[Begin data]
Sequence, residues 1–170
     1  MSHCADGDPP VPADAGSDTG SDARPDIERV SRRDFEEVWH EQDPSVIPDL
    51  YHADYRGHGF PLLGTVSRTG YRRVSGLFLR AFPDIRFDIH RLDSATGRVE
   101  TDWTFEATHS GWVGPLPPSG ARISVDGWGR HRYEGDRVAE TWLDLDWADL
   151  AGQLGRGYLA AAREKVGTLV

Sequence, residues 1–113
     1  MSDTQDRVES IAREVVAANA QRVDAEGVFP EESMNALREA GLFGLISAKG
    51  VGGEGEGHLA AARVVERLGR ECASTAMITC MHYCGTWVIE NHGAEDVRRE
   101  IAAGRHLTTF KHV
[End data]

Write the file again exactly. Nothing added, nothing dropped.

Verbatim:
Sequence, residues 1–170
     1  MSHCADGDPP VPADAGSDTG SDARPDIERV SRRDFEEVWH EQDPSVIPDL
    51  YHADYRGHGF PLLGTVSRTG YRRVSGLFLR AFPDIRFDIH RLDSATGRVE
   101  TDWTFEATHS GWVGPLPPSG ARISVDGWGR HRYEGDRVAE TWLDLDWADL
   151  AGQLGRGYLA AAREKVGTLV

Sequence, residues 1–113
     1  MSDTQDRVES IAREVVAANA QRVDAEGVFP EESMNALREA GLFGLISAKG
    51  VGGEGEGHLA AARVVERLGR ECASTAMITC MHYCGTWVIE NHGAEDVRRE
   101  IAAGRHLTTF KHV